Prices or Bindings?
Followup to: Ethical Injunctions
During World War II, Knut Haukelid and three other saboteurs sank a civilian Norwegian ferry ship, the SF Hydro, carrying a shipment of deuterium for use as a neutron moderator in Germany’s atomic weapons program. Eighteen dead, twenty-nine survivors. And that was the end of the Nazi nuclear program. Can you imagine a Hollywood movie in which the hero did that, instead of coming up with some amazing clever way to save the civilians on the ship?
Stephen Dubner and Steven Levitt published the work of an anonymous economist turned bagelseller, Paul F., who dropped off baskets of bagels and came back to collect money from a cashbox, and also collected statistics on payment rates. The current average payment rate is 89%. Paul F. found that people on the executive floor of a company steal more bagels; that people with security clearances don’t steal any fewer bagels; that telecom companies have robbed him and that law firms aren’t worth the trouble.
Hobbes (of Calvin and Hobbes) once said: “I don’t know what’s worse, the fact that everyone’s got a price, or the fact that their price is so low.”
If Knut Haukelid sold his soul, he held out for a damned high price—the end of the Nazi atomic weapons program.
Others value their integrity less than a bagel.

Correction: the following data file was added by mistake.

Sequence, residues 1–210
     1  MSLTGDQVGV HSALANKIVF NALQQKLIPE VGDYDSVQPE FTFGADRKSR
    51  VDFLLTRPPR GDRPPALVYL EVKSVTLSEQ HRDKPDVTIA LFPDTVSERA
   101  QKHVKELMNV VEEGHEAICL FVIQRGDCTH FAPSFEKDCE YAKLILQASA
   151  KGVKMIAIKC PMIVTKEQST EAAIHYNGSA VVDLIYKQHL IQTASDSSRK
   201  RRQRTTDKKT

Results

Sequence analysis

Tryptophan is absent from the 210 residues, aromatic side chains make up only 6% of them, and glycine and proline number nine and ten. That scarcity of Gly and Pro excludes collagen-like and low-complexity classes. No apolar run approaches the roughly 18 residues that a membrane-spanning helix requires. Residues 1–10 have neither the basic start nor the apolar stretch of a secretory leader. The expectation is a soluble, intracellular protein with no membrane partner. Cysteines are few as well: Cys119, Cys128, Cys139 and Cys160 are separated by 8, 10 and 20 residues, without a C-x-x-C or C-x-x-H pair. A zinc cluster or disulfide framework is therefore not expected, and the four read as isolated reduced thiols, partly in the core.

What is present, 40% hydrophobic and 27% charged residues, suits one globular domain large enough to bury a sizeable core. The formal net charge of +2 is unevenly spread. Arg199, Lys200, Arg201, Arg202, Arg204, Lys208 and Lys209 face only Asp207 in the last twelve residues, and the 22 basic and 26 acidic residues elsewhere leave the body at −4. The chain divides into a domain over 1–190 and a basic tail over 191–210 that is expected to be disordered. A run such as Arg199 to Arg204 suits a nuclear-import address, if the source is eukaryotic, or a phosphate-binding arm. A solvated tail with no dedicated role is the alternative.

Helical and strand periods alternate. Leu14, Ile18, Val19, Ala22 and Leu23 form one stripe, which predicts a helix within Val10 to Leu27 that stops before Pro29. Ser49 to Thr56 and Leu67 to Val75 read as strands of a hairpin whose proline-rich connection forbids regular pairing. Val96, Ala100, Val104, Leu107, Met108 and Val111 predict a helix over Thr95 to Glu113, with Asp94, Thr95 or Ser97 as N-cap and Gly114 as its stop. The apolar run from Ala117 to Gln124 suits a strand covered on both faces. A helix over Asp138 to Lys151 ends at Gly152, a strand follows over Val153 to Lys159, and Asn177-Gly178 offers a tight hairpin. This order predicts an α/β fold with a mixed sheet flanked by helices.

One suspects that Haukelid’s price was far higher than most people would charge, if you told them to never sell out. Maybe we should stop telling people they should never let themselves be bought, and focus on raising their price to something higher than a bagel?
But I really don’t know if that’s enough.
The German philosopher Fichte once said, “I would not break my word even to save humanity.”
Raymond Smullyan, in whose book I read this quote, seemed to laugh and not take Fichte seriously.
Abraham Heschel said of Fichte, “His salvation and righteousness were apparently so much more important to him than the fate of all men that he would have destroyed mankind to save himself.”
I don’t think they get it.
If a serial killer comes to a confessional, and confesses that he’s killed six people and plans to kill more, should the priest turn him in? I would answer, “No.” If not for the seal of the confessional, the serial killer would never have come to the priest in the first place. All else being equal, I would prefer the world in which the serial killer talks to the priest, and the priest gets a chance to try and talk the serial killer out of it.
I use the example of a priest, rather than a psychiatrist, because a psychiatrist might be tempted to break confidentiality “just this once”, and the serial killer knows that. But a Catholic priest who broke the seal of the confessional—for any reason—would face universal condemnation from his own church. No Catholic would be tempted to say, “Well, it’s all right because it was a serial killer.”
I approve of this custom and its absoluteness, and I wish we had a rationalist equivalent.